What Jobs Did Slaves Have in Ancient Greece?

Slavery has been an unfortunate reality throughout human history, and Ancient Greece was no exception. Slaves in Ancient Greece were considered property and were utilized for various tasks. In this article, we will explore the jobs that slaves had in Ancient Greece.

Household Slaves

One of the most common roles for slaves in Ancient Greece was working in households. These slaves were responsible for tasks such as cooking, cleaning, and laundry. They were also expected to take care of children and often slept in the same room as them to attend to their needs throughout the night.


Slaves who worked as cooks had to be skilled in preparing a variety of dishes. They were responsible for sourcing ingredients and cooking meals for their masters and their families.


Cleaning was another essential task that household slaves had to perform. They swept floors, cleaned dishes, and tidied up rooms.

Agricultural Slaves

Ancient Greece was primarily an agricultural society, and many slaves worked on farms. These agricultural slaves cultivated crops such as wheat, grapes, and olives.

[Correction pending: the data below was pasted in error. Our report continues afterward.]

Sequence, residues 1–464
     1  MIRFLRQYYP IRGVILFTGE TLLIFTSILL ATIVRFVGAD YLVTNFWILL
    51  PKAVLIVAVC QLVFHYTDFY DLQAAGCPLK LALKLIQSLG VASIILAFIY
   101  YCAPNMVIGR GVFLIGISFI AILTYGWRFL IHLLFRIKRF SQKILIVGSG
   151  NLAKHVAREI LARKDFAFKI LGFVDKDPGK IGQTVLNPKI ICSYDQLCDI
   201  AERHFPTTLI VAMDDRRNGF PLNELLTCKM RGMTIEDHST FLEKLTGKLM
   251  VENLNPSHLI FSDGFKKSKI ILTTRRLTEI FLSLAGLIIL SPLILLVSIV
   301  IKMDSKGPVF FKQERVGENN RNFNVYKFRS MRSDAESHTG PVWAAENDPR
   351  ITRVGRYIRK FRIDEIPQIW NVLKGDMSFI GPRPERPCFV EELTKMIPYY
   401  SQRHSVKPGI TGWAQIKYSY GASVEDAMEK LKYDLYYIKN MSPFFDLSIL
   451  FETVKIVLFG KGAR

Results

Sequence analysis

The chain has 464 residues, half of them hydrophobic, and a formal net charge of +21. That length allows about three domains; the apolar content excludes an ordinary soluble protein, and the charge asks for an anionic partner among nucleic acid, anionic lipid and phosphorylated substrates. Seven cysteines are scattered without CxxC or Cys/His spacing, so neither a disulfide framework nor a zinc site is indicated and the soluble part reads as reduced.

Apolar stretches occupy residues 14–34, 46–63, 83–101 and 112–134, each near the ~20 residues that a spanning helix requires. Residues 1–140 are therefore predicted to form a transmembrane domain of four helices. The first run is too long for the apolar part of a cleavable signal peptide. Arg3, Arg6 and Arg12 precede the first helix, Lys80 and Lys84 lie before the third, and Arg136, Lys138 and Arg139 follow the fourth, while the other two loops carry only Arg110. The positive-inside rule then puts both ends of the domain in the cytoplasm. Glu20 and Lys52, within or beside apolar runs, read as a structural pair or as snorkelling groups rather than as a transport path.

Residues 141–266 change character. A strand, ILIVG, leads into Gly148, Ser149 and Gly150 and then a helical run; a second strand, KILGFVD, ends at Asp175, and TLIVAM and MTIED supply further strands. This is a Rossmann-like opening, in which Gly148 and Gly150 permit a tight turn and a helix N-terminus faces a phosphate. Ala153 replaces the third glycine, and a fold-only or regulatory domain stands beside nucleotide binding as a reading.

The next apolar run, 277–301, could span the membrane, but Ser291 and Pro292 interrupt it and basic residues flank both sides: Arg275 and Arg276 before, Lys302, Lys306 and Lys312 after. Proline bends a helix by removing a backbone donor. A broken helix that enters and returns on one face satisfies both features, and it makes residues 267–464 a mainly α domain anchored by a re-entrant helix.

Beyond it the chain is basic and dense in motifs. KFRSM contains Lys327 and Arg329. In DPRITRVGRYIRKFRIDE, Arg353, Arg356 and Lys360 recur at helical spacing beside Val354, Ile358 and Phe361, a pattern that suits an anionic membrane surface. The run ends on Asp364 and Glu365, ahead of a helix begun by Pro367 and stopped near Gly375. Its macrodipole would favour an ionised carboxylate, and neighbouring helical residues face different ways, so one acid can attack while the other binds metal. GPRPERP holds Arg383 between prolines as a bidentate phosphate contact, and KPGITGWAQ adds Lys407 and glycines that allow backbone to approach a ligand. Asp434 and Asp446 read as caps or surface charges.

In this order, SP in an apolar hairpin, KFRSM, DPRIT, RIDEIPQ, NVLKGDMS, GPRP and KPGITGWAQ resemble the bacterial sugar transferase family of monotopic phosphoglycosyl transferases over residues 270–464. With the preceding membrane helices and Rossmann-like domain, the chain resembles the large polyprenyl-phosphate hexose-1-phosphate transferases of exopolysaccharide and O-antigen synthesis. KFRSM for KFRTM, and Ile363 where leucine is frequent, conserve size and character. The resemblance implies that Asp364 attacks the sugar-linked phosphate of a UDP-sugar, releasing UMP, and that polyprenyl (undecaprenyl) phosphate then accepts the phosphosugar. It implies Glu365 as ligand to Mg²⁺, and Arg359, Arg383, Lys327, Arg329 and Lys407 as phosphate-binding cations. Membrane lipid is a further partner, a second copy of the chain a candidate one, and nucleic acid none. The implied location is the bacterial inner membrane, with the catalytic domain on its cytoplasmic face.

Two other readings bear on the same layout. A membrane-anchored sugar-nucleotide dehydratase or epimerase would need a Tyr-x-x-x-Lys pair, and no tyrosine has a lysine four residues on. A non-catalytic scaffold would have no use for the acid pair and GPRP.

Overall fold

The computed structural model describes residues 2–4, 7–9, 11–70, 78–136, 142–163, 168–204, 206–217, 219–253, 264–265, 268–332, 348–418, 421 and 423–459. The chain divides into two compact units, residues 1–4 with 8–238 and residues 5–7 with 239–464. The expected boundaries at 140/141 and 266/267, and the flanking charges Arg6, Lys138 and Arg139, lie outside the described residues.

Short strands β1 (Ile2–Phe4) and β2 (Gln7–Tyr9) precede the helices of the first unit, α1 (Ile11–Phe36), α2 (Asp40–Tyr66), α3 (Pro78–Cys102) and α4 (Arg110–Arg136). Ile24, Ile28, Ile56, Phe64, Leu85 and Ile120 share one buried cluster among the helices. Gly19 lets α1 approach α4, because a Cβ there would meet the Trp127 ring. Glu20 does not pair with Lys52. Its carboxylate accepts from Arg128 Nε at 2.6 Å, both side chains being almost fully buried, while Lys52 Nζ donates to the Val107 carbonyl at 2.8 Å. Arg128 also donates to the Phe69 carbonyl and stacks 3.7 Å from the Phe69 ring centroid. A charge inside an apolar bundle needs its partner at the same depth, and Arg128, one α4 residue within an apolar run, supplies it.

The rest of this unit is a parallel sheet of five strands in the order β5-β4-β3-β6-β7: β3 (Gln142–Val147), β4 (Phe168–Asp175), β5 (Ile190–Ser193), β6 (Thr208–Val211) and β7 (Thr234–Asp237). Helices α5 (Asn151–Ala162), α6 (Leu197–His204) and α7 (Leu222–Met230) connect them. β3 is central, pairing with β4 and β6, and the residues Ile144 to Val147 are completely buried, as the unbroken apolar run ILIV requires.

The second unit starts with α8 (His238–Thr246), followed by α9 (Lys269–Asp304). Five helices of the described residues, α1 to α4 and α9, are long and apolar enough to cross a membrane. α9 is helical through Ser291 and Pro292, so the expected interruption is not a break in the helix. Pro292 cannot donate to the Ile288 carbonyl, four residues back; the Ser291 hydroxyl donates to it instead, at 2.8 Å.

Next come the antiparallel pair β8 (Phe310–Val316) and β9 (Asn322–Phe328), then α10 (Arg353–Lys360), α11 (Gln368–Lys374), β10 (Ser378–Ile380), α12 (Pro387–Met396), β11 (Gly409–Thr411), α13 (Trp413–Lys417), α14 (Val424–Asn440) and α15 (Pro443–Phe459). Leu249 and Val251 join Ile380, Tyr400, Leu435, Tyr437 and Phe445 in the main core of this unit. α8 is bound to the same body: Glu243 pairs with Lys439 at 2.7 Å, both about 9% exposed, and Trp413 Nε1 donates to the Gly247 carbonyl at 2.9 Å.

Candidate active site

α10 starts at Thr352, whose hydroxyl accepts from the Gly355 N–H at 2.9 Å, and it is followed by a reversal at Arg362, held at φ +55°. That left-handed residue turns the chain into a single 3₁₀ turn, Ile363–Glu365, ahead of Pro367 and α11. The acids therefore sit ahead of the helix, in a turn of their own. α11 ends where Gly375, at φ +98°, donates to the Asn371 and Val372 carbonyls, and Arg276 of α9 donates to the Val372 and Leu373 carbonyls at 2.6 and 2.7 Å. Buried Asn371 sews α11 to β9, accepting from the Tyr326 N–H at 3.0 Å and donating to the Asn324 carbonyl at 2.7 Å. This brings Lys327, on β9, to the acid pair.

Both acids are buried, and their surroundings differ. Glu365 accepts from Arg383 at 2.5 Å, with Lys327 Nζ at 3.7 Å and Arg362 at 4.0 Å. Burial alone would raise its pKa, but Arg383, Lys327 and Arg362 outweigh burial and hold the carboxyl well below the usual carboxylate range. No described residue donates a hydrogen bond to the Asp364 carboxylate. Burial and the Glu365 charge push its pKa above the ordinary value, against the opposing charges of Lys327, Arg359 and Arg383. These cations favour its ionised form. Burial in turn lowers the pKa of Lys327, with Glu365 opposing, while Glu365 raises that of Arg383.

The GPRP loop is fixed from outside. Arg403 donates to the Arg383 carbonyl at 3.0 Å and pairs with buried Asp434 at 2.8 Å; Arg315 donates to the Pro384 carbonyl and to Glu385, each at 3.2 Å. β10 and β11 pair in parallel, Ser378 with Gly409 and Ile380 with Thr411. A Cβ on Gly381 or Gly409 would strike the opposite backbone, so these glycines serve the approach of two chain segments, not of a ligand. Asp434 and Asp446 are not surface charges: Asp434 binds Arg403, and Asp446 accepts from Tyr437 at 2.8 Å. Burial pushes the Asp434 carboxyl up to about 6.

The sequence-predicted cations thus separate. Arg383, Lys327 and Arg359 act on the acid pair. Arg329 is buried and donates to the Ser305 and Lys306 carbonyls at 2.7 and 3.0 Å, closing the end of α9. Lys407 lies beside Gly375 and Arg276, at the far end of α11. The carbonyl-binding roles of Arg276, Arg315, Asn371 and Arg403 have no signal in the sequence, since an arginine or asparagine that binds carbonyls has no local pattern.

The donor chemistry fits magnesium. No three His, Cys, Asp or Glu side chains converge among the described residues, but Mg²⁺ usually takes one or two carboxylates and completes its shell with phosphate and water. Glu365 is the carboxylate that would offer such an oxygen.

Wheat Cultivators

Wheat was a staple crop in Ancient Greece, and slaves who worked on wheat farms had to be skilled at planting, harvesting, and threshing wheat.

Grape Harvesters

Grapes were used to make wine in Ancient Greece, so grape harvesters played a crucial role on farms. They picked grapes during the harvest season and transported them to wineries or pressed them into juice.

Mining Slaves

Mining was another industry where slave labor was commonly used in Ancient Greece. These slaves worked in dangerous conditions deep underground extracting valuable minerals like silver and lead.

Silver Miners

Silver mining was one of the most profitable industries in Ancient Greece. Slaves who worked in silver mines had to dig tunnels, extract silver ore, and transport it to the surface.

Lead Miners

Lead was another valuable mineral that was mined in Ancient Greece. Lead miners had to work in hazardous conditions and were at risk of developing lead poisoning.

  • Conclusion:

In conclusion, slaves in Ancient Greece were used for a variety of tasks ranging from household chores to mining. They were considered property and had no rights, but their labor was essential to the functioning of society. By examining the jobs that slaves had in Ancient Greece, we can gain a better understanding of how their labor contributed to the economy and culture of Ancient Greece.